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Light to partner with Sony, others to improve phone cameras
Light, the company behind the visionary L16 camera, is ready to bring its imaging technology to more devices. The company today announced a new partnership with Sony that will expand the availability and power of computational photography. The company says other partnerships are on the way, too.
The L16 camera, released in 2017, was unique thanks to its array of multiple cameras scattered across the rear. Light’s algorithms allow the many sensors to work on concert in order to create high-quality results. Light thinks phones should be next to benefit from its advanced computational photography tools.
Light and Sony have agreed to combine Light’s multi-camera tech with Sony’s imaging sensors to create new “multi-camera applications” specifically for phones with four or more cameras. We’re already seeing phones with three rear cameras, such as the LG V40 ThinQ and Samsung Galaxy S10. Moving to four or more cameras seems a likely next step for phone makers.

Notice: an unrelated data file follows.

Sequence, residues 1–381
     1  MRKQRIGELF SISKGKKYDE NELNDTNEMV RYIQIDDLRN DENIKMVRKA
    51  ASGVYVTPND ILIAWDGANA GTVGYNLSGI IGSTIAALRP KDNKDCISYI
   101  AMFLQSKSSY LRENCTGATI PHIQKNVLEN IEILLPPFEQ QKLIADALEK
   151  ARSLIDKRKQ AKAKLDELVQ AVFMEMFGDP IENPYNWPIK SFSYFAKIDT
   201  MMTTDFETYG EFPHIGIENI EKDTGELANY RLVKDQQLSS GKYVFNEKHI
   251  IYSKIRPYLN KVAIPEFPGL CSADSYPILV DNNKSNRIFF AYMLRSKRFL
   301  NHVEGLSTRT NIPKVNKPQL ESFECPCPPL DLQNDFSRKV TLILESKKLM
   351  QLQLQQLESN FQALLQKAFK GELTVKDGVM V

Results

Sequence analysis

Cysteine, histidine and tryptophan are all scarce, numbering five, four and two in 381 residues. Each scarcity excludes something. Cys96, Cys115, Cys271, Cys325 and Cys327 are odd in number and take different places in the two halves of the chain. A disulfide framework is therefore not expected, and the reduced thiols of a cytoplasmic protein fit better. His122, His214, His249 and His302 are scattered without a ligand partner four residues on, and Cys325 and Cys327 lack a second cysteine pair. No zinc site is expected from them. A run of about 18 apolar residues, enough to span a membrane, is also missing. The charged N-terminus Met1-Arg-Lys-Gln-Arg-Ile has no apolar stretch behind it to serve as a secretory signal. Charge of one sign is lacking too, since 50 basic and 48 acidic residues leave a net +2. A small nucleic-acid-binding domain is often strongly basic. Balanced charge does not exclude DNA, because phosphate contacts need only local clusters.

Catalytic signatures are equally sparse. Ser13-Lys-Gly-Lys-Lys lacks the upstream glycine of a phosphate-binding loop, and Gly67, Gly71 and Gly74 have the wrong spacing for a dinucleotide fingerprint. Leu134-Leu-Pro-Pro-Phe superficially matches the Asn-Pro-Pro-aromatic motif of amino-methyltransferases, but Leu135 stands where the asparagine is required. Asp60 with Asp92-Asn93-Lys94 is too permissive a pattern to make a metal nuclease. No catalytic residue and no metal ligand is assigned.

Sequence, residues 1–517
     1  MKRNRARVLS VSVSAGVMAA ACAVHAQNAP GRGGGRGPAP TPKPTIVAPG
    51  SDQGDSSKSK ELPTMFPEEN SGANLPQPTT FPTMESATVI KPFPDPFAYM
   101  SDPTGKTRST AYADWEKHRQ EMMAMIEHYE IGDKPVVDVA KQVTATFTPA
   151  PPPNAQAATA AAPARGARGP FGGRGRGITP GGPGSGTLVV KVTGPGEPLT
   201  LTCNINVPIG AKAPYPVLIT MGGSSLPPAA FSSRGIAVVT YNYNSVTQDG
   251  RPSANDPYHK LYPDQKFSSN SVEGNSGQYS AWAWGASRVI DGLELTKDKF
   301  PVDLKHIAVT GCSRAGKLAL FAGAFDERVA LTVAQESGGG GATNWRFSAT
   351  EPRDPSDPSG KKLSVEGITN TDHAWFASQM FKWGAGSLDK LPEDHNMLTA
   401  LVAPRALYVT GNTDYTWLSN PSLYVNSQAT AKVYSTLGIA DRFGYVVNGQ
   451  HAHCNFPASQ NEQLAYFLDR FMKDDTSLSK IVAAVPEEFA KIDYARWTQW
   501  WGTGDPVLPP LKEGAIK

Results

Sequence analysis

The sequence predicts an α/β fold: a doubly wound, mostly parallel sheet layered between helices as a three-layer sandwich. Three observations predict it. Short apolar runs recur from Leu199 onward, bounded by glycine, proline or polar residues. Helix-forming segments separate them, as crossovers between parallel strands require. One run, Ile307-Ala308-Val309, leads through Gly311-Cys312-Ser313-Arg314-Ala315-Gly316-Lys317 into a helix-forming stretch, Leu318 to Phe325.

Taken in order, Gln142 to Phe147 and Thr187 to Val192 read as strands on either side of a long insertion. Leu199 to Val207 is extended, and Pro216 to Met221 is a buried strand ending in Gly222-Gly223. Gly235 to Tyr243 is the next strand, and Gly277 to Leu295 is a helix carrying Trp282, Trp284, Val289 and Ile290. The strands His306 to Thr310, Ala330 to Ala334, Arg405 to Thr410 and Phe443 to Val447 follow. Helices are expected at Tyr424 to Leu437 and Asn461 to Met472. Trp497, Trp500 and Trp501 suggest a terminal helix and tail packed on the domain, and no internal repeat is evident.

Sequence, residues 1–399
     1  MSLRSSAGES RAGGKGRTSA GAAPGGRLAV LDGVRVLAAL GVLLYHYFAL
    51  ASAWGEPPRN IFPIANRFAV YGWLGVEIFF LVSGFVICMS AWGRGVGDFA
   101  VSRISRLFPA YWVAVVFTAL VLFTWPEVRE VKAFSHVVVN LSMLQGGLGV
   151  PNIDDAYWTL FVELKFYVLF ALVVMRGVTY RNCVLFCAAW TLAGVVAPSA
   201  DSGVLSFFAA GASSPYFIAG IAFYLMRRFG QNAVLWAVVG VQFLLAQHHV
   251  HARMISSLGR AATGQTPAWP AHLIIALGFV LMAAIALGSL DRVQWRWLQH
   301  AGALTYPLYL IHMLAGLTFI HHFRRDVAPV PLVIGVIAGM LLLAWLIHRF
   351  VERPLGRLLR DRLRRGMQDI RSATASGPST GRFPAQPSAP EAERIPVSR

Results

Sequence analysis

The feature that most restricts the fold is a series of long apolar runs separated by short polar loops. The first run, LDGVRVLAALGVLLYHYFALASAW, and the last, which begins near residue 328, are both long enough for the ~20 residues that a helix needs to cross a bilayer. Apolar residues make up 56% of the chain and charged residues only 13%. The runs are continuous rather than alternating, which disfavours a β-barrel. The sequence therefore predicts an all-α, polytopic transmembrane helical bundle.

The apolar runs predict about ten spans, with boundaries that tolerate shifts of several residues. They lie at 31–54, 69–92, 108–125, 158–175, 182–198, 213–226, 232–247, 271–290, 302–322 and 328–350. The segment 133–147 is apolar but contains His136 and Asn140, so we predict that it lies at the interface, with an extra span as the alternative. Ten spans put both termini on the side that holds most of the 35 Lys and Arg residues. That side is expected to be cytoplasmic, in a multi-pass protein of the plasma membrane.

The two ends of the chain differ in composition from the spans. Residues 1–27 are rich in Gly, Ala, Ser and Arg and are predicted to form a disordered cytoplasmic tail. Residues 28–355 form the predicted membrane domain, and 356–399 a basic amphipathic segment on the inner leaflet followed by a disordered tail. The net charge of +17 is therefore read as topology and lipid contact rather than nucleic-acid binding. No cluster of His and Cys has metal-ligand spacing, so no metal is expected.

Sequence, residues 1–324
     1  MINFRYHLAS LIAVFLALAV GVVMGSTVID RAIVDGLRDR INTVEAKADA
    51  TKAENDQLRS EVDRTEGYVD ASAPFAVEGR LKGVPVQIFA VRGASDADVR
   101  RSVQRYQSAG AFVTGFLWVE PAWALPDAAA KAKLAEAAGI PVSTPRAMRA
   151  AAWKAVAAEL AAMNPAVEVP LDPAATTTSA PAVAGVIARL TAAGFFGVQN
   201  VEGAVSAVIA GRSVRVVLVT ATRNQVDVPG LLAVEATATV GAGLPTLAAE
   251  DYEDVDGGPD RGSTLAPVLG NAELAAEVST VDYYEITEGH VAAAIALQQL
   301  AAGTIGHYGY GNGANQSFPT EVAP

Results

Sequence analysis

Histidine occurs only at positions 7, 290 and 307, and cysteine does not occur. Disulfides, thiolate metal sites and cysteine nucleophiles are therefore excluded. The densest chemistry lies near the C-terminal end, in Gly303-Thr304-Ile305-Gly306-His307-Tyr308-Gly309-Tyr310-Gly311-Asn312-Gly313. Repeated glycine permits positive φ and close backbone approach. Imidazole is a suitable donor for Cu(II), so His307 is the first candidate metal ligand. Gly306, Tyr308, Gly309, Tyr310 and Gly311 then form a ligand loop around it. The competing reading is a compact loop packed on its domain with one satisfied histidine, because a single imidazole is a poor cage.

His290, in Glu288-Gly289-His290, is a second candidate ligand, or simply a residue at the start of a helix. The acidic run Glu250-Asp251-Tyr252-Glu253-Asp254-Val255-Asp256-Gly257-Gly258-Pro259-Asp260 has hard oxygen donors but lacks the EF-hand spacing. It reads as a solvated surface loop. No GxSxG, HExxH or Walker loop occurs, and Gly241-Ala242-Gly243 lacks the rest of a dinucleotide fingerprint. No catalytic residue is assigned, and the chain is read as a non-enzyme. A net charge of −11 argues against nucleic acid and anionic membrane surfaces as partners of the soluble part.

Under the terms of the agreement, Light can work together with its own customers (which might include other phone makers) to build multi-camera reference designs using Sony sensors. Light will in effect create the underlying camera design and offer it to others. The partnership is a natural fit for both companies.
Many manufacturers across the industry already rely on Sony sensors in their phones, including Sony Mobile itself. Over the last several years, Sony has invested billions of dollars in its imaging sensor business. Last summer, Sony announced the IMX586, a 48MP for phones. Samsung is Sony’s main rival at the moment. This new partnership with Light could benefit Sony as more phone makers move to differentiate their devices via advanced camera features.
Light says it has the only mobile chipset in the world that can capture images with six cameras at once. It already has partnerships in place with lens component makers and system-on-a-chip manufacturers. Toss in its computational image processing software, camera array calibration, multi-camera synchronization, and now its access to Sony’s imaging sensors, and Light has stirred up a recipe for success.